Could I have a simple 1 page agreement?

One of the most common requests I receive from clients is for a “simple 1 page agreement” for some or other business venture. These clients are often dismayed when I inform them that I can’t give them a “simple 1 page agreement” (well, unless I drop the font to size 6, use columns and print on both sides of the page) and that a properly drafted agreement will run considerably longer.

I’ve written about why website terms of use are so important as well as how some prominent companies have gotten it wrong in the past. I took a look at a couple local services’ terms of use the other day when I was doing some research for a current project and found that some popular sites don’t even have website terms of use. Terms of use are contracts with users and, as such, they must be carefully drafted.

It almost goes without saying that the agreements that a business uses for its ongoing activities should also be carefully drafted. Well, maybe it doesn’t go without saying because if it was that obvious clients wouldn’t ask for “simple 1 page agreements”.

Perhaps it would be helpful to briefly consider what role an agreement plays in a business relationship. For starters an agreement (here I am talking about a written document that is also referred to as a “contract”) must record the terms the parties have discussed and reached consensus on. In other words, you and your trading partner must have reached consensus on what each of you is going to do and receive and those rights and obligations must be accurately recorded in the document you will presumably sign. This is critical because if there is ever a disagreement about what those rights and obligations are, you need a reference point that you both agreement is the authoritative reference point.

Another reason why you should have a properly drafted agreement is to safeguard your rights and reduce your exposure to liability. Now it isn’t necessary for your agreement to be recorded in a written document for you to have a legally binding agreement (there are exceptions which include agreements to sell land or immovable property and wills). You could quite easily reach agreement orally for to sell and buy a car or enter into a complex joint venture but that isn’t recommended at all. People’s recollection of oral agreements can fade and parties can easily forget to debate a range of more subtle legal issues. In addition, the law often inserts terms almost by default unless your agreement varies those default terms (many of which may not be to your liking at all or may not suit your needs). A well drafted contract will encapsulate the consensus you have reached with your trading partner and will also contain a number of provisions dealing with issues like:

  • common terms to help simplify interpretation of the agreement;
  • liability;
  • how disputes will be addressed;
  • which legal system will apply;
  • can the parties transfer their rights to other parties;
  • which court will decide disputes and more.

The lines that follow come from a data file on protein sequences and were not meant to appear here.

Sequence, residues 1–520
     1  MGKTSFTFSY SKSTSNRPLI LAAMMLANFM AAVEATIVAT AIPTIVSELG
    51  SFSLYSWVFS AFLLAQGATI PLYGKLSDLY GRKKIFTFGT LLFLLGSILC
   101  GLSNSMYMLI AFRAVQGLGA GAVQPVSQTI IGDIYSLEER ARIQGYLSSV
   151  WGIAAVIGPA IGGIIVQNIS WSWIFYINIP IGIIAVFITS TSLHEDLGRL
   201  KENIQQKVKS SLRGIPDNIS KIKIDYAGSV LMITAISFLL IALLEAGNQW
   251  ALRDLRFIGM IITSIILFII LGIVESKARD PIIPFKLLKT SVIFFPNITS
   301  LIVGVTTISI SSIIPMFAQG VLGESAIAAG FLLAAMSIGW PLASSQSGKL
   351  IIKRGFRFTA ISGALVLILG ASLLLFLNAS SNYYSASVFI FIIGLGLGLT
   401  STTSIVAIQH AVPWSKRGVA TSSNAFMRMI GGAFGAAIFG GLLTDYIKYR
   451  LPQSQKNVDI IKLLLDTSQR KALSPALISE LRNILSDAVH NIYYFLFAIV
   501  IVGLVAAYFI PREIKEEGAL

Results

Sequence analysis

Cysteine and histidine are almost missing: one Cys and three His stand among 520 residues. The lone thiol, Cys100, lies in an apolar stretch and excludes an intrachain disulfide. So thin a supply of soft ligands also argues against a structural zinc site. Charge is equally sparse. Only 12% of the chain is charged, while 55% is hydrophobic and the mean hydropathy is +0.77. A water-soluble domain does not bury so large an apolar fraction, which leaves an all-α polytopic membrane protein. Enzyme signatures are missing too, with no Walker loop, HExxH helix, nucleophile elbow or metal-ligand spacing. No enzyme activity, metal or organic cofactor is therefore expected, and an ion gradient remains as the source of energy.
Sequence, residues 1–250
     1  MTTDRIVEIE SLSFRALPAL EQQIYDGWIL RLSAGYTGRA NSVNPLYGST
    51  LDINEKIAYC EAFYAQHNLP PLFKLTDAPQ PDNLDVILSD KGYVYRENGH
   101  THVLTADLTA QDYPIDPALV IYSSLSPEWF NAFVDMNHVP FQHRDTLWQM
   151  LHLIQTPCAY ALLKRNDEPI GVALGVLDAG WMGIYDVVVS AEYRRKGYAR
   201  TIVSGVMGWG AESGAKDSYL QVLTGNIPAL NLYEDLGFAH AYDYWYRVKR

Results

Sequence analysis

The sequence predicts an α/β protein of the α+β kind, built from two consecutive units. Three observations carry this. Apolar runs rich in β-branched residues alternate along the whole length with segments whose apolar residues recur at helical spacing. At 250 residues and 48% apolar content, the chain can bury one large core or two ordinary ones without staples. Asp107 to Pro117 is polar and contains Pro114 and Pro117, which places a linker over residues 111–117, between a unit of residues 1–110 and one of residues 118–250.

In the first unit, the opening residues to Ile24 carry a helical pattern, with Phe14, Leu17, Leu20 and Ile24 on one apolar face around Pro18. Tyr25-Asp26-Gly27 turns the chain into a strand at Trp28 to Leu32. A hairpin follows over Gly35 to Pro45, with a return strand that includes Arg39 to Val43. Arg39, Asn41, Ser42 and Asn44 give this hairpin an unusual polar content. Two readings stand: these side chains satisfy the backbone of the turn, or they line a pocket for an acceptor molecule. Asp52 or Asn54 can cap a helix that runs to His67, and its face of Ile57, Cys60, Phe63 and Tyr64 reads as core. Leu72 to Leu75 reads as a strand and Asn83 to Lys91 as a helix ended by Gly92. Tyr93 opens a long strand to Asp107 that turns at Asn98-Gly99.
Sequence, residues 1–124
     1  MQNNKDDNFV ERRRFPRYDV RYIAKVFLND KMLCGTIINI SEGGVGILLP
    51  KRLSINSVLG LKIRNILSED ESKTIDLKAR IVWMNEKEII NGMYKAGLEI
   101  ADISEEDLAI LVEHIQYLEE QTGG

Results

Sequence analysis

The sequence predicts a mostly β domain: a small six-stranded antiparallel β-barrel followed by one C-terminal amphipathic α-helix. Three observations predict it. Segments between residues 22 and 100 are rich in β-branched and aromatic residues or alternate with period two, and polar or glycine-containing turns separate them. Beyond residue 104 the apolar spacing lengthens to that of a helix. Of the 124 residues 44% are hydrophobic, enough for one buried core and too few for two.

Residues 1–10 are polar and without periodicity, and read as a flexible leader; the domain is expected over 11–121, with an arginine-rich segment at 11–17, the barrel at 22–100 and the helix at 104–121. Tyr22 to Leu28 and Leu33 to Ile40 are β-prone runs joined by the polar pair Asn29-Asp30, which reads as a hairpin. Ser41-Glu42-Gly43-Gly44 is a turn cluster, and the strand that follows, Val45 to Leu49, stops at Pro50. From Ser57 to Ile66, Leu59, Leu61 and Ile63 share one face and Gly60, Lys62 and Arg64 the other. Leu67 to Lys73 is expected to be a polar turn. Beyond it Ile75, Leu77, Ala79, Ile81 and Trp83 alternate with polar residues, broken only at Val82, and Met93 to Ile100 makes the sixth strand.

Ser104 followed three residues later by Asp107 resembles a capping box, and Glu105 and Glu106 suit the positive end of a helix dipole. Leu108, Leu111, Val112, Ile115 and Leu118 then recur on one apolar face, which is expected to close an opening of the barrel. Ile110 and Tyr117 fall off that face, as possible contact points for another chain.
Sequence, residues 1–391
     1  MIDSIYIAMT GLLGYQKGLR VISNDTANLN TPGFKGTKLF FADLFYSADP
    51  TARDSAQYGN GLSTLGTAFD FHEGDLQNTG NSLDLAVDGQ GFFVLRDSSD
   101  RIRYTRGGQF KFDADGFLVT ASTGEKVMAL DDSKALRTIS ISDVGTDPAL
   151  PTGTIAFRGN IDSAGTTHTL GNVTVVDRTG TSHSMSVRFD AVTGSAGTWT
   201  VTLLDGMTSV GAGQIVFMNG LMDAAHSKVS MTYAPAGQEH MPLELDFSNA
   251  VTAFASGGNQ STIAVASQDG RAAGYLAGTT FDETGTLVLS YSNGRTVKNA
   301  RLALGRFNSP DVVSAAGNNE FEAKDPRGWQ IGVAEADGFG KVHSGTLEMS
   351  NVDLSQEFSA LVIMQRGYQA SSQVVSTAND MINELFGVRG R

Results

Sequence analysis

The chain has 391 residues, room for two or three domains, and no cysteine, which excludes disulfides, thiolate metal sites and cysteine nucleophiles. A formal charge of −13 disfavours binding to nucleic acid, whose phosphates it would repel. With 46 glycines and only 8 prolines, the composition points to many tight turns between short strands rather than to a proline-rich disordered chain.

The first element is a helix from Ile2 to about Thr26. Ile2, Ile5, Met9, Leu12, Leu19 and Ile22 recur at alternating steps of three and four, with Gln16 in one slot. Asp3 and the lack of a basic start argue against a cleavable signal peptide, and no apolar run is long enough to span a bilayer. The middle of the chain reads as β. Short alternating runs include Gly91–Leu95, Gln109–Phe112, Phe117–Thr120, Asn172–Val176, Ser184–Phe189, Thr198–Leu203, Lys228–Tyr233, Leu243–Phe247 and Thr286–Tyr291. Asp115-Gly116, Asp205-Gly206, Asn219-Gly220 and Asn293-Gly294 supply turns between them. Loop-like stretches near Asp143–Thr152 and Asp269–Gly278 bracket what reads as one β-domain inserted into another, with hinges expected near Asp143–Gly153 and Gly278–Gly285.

These issues are frequently not considered when parties sit down to chat about how to structure their business activities. They tend to focus on the substantive issues and assume that the rest will be taken care of. These sorts of simplified agreements may well fit on a single page but when you start to consider all the other issues and considerations that have just as much of an impact on your business relationship going forward, the document starts to get a little thicker.

In fact, entering into a business relationship is pretty similar to a marriage in this sense. Anyone who is married out of community of property will probably have signed an ante-nuptial contract and would have been cautioned to have the contract prepared as if the marriage were already ending. This is a particularly disturbing thought, especially when you are about to start a new and hopefully lifelong life together but it is necessary. Like marriages, business relationships can end and catering for the possible end of the relationship could save considerable time and financial costs down the line.

Taking the time to draft an agreement properly will serve the parties far better than a quick 1 page agreement prepared more for the sake of perceived formality and minimal functionality. Clients sometimes mention to me that a lengthy agreement will scare their partners off and my response is almost always that lengthy agreements are commonplace in business and that it is really far better to have your bases covered than to risk disaster later. I think one of the reasons clients are so averse to properly drafted contracts is more because they are traditionally drafted in obscure legalese and are intimidating. A good lawyer will draft a contract in plain language that does what it needs to do without feeling the need to use overly technical language to impress her clients.

The bottom line here is that a “simple 1 page agreement” doesn’t serve you. It won’t do what it is supposed to do and you risk being terribly exposed if you insist on having one prepared rather than having it done properly.


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